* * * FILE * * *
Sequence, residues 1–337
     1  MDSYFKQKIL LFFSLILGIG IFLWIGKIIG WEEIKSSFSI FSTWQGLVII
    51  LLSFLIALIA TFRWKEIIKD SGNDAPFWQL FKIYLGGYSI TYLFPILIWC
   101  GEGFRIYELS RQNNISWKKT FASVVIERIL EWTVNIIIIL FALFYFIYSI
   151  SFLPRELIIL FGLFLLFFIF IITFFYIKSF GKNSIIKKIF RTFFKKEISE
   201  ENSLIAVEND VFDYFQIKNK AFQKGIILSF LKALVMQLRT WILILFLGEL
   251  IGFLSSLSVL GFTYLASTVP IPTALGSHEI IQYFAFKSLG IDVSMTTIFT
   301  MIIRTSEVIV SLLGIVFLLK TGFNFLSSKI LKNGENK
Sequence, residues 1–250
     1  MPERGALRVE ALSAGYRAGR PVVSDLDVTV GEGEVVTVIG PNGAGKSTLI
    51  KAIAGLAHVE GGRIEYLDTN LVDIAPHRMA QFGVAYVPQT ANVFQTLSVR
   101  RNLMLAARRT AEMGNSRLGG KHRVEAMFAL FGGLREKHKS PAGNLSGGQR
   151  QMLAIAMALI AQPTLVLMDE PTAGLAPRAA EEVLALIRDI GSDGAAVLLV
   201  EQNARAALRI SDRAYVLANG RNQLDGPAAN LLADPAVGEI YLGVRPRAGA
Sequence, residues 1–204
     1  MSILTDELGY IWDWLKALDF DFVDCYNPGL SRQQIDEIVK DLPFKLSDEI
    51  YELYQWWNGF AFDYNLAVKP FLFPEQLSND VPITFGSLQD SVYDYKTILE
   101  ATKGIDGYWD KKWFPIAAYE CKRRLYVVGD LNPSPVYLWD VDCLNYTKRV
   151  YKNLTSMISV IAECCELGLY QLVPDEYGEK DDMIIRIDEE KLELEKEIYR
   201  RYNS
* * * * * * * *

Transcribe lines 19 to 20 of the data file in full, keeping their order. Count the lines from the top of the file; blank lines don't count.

   151  YKNLTSMISV IAECCELGLY QLVPDEYGEK DDMIIRIDEE KLELEKEIYR
   201  RYNS